Much of the concern was the decline of shad, the food of the poor.  In the next two decades, we can look at several volumes of Fish Commission reports, which describe the shad fisheries and the equipment used to pursue them.  But the cure of the decline was not entirely possible because the Fish Commission could not control nature.  The two basic directions then were aquaculture (which was already well underway for trout hatcheries) and uniform regulations.  The collapse is something that embarrassed the Commission, the decline of lobsters had occurred after the Commission had been created – the decline had occurred during “their watch” – a concern that put the Commission under public questioning and funding scrutiny.  With its creation by Congress, its reports were written and submitted to them – the agency that provided its funding.  The other embarrassment was the State of Rhode Island had built its own lobster hatchery (and an upwelling system) at Wickford, Rhode Island in 1901.  States were beginning to generate their own fishery reports (data), once only the realm of the US Fish Commission and, at times, questioned management policies.  The heat waves and warmer winters of the 1890’s would then deliver a major inshore fishery collapse – lobsters.  This “red herring” landed directly on the US Fish Commission doorstep in 1902.  The lobster convention occurred the next year in 1903 (readers should review IMEP #62 posted April 6, 2017 on the Blue Crab ForumTM, which covered the 1903 lobster convention in more detail) and the influence of states and Canada greatly upset plans for Commission policy of uniform lobster regulations – the typical management response to the fishery – overfishing.  Rhode Island looked to lobster habitat studies, lobsters were seeking deeper, colder waters.  Maine reported that its lobster catch was increasing and Canada reported that lobsters were climatic, different regions had different sizes or regulations.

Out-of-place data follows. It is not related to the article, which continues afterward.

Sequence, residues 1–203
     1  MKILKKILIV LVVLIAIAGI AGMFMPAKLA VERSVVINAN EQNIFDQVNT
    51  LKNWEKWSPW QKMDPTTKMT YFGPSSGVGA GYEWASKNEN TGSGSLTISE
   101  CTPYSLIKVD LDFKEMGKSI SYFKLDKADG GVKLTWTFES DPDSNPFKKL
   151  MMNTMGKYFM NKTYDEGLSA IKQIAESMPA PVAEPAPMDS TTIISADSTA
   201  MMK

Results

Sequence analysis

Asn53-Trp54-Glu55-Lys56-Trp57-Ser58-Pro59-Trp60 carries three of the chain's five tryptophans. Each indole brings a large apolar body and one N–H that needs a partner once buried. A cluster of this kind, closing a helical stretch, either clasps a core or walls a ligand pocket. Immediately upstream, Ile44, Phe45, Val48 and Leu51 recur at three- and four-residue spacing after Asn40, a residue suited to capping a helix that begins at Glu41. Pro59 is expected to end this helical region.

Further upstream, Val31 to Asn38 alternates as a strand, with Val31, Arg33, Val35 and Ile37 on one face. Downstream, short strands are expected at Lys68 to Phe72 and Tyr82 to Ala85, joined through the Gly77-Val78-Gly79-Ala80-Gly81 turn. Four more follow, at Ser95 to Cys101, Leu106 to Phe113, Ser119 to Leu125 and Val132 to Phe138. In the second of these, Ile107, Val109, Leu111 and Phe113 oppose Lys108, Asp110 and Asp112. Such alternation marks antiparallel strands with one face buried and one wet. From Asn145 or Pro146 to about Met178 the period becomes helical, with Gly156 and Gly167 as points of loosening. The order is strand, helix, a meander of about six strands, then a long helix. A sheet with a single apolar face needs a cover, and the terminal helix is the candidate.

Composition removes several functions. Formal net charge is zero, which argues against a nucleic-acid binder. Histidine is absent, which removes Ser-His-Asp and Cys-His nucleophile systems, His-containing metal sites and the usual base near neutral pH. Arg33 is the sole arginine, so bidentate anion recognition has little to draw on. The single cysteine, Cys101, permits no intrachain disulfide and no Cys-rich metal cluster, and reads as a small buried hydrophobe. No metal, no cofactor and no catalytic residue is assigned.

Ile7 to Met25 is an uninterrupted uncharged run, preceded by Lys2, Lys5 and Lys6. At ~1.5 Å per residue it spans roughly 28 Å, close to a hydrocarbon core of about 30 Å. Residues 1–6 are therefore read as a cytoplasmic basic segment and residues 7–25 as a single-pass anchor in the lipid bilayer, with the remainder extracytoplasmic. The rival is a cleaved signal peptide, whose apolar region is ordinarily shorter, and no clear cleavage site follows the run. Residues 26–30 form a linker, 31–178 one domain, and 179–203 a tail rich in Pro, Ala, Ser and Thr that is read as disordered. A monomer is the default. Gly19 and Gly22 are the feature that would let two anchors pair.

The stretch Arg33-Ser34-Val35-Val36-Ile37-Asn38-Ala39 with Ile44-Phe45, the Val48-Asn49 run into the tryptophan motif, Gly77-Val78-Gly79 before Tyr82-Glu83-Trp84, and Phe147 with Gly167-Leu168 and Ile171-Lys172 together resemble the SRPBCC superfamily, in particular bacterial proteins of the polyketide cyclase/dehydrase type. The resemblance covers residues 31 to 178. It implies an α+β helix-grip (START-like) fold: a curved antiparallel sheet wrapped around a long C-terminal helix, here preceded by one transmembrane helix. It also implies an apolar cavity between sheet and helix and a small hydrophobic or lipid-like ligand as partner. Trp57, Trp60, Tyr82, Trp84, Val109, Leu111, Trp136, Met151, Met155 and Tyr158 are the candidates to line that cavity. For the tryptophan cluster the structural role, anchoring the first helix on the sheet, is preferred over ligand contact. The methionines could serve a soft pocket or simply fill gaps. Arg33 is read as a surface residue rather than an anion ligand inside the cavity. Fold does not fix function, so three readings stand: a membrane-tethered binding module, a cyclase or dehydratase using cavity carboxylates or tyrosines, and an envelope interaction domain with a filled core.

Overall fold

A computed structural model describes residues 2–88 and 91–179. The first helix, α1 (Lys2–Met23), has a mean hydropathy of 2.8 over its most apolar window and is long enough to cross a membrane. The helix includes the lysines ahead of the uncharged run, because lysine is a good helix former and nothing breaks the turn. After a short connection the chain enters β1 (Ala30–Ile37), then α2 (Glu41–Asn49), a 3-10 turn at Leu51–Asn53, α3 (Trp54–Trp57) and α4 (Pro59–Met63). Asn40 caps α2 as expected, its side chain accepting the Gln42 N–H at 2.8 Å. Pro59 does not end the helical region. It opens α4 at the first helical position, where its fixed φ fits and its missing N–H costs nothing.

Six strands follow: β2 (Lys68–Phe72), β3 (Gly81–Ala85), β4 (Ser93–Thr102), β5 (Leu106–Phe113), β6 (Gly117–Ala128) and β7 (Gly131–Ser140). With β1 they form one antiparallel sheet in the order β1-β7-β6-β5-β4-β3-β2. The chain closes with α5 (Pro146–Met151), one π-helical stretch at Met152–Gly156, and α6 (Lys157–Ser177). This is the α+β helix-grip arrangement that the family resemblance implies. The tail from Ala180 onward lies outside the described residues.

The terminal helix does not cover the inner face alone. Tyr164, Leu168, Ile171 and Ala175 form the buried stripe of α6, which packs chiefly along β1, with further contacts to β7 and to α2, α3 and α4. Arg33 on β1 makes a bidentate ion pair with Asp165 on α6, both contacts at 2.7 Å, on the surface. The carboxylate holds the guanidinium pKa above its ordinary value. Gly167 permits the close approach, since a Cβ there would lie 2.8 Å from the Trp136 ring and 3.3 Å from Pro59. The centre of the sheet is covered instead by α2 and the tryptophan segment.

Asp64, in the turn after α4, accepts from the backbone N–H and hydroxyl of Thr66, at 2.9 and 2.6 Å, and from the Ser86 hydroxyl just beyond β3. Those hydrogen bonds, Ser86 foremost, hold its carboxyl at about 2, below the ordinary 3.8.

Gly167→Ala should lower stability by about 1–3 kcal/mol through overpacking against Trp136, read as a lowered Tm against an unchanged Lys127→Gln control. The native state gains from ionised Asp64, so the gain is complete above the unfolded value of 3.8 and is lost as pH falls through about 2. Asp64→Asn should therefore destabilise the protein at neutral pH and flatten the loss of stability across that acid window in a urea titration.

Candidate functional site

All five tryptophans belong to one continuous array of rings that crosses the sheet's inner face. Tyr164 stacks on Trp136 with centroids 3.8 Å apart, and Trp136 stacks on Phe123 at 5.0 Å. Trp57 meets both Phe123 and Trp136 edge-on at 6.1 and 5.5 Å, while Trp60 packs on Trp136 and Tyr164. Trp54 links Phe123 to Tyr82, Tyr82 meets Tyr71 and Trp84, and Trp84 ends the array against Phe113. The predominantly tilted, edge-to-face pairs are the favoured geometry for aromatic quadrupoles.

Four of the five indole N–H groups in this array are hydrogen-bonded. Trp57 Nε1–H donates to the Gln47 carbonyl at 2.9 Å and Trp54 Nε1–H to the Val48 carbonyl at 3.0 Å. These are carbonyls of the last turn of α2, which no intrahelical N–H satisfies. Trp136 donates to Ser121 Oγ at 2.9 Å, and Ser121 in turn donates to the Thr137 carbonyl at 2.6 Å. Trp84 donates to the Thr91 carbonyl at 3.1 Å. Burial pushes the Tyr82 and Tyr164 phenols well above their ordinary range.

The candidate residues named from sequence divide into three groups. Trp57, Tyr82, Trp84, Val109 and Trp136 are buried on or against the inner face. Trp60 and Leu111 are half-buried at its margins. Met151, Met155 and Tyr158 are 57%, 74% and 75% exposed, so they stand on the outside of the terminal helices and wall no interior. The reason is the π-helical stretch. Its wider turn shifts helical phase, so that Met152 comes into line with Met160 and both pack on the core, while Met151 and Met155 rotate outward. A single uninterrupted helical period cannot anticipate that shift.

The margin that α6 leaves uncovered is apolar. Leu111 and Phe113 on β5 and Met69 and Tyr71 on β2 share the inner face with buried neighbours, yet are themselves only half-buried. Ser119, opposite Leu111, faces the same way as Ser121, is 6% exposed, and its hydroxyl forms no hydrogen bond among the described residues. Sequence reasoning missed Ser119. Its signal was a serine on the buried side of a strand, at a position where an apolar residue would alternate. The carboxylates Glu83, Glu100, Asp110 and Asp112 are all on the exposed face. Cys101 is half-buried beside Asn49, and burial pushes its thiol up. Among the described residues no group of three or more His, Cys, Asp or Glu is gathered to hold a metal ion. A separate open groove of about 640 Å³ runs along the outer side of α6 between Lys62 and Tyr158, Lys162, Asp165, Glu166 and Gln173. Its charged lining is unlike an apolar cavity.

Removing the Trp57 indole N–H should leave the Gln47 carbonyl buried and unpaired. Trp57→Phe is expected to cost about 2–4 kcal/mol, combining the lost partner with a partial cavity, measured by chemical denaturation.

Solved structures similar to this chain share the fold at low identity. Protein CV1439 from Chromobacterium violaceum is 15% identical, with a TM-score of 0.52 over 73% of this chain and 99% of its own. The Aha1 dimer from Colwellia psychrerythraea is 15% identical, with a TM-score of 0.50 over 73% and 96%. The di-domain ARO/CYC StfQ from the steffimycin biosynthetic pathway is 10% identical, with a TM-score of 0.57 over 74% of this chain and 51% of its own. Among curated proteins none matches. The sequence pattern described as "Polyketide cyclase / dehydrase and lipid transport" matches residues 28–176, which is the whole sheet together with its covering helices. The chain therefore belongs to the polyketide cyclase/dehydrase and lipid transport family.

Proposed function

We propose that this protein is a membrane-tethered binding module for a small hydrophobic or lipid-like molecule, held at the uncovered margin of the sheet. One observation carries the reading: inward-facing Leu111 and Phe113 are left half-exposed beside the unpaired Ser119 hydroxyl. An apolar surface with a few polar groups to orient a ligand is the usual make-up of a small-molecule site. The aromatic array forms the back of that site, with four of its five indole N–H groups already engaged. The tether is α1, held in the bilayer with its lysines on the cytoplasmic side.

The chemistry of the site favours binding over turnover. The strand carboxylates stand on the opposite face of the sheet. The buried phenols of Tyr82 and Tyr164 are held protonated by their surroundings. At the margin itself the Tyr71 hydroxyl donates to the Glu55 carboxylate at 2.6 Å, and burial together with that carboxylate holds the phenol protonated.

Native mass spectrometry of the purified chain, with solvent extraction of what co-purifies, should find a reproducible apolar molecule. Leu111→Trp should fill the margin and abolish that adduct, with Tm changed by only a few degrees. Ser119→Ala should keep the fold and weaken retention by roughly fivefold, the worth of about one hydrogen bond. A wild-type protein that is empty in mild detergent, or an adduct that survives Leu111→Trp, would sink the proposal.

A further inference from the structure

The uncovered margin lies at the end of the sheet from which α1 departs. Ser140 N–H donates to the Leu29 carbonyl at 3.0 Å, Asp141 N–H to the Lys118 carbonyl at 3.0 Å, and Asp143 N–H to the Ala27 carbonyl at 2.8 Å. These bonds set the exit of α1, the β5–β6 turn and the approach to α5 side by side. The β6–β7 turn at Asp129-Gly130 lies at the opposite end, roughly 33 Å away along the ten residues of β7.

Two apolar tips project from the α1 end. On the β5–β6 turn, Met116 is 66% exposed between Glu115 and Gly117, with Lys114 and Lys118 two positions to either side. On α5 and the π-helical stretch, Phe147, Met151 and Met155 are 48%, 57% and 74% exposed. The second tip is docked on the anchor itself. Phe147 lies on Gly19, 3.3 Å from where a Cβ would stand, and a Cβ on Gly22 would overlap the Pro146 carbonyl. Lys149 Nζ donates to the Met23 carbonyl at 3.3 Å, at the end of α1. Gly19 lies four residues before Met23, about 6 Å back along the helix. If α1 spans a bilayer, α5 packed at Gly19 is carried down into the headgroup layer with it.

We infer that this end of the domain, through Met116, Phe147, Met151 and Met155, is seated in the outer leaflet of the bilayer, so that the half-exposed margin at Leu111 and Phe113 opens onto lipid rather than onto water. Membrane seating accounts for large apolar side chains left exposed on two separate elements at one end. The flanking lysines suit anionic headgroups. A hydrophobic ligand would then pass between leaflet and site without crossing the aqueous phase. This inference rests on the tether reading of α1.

These three perspectives can be found in the 1903 report, US Fish Commission strong position of uniform regulations, the shallow waters were filled with shorts, the larger lobsters were gone (industry) and that lobster hatcheries (several states) held the best chance of bringing back the lobster.  The dilemma of course was the expectation that the US Fish Commission was created to avoid (prevent) this type of situation – a fishery collapse and huge economic loss.  An agency could not admit that no matter what it did it could not help.  That might cause the questioning of why such an agency even exists or perhaps reduce its federal funds.